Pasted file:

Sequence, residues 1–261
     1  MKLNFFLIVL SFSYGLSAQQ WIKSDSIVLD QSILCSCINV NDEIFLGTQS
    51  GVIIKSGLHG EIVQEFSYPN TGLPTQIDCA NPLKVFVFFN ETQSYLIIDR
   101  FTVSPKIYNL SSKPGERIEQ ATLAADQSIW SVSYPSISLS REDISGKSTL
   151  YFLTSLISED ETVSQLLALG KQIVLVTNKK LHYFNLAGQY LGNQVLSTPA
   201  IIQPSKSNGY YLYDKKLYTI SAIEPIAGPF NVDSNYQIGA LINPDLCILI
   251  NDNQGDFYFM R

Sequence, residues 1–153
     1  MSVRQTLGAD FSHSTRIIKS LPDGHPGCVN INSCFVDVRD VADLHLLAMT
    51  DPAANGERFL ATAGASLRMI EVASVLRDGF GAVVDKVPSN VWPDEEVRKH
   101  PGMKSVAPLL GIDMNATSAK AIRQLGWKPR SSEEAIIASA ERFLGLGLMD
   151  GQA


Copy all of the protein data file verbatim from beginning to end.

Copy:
Sequence, residues 1–261
     1  MKLNFFLIVL SFSYGLSAQQ WIKSDSIVLD QSILCSCINV NDEIFLGTQS
    51  GVIIKSGLHG EIVQEFSYPN TGLPTQIDCA NPLKVFVFFN ETQSYLIIDR
   101  FTVSPKIYNL SSKPGERIEQ ATLAADQSIW SVSYPSISLS REDISGKSTL
   151  YFLTSLISED ETVSQLLALG KQIVLVTNKK LHYFNLAGQY LGNQVLSTPA
   201  IIQPSKSNGY YLYDKKLYTI SAIEPIAGPF NVDSNYQIGA LINPDLCILI
   251  NDNQGDFYFM R

Sequence, residues 1–153
     1  MSVRQTLGAD FSHSTRIIKS LPDGHPGCVN INSCFVDVRD VADLHLLAMT
    51  DPAANGERFL ATAGASLRMI EVASVLRDGF GAVVDKVPSN VWPDEEVRKH
   101  PGMKSVAPLL GIDMNATSAK AIRQLGWKPR SSEEAIIASA ERFLGLGLMD
   151  GQA